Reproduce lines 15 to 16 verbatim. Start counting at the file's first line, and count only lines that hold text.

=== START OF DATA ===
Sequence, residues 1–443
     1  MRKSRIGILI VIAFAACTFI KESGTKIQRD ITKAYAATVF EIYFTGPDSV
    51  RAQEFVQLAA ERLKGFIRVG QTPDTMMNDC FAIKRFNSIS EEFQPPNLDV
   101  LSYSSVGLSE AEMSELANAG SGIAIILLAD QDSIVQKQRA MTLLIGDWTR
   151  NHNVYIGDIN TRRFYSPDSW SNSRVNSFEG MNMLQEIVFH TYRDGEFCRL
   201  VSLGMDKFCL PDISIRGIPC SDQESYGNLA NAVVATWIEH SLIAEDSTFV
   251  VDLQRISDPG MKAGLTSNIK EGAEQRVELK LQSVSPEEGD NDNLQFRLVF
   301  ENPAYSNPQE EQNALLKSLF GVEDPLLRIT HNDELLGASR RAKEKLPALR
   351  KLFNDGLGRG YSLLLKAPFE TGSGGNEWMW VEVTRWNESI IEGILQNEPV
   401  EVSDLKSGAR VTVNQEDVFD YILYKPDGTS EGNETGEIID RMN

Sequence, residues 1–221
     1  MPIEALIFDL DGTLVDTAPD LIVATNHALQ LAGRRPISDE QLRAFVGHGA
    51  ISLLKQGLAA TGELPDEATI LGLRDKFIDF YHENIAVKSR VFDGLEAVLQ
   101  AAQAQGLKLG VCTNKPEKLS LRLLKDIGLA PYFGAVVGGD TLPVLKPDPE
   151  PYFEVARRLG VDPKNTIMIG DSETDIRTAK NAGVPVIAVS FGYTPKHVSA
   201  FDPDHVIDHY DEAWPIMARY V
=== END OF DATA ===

   151  PYFEVARRLG VDPKNTIMIG DSETDIRTAK NAGVPVIAVS FGYTPKHVSA
   201  FDPDHVIDHY DEAWPIMARY V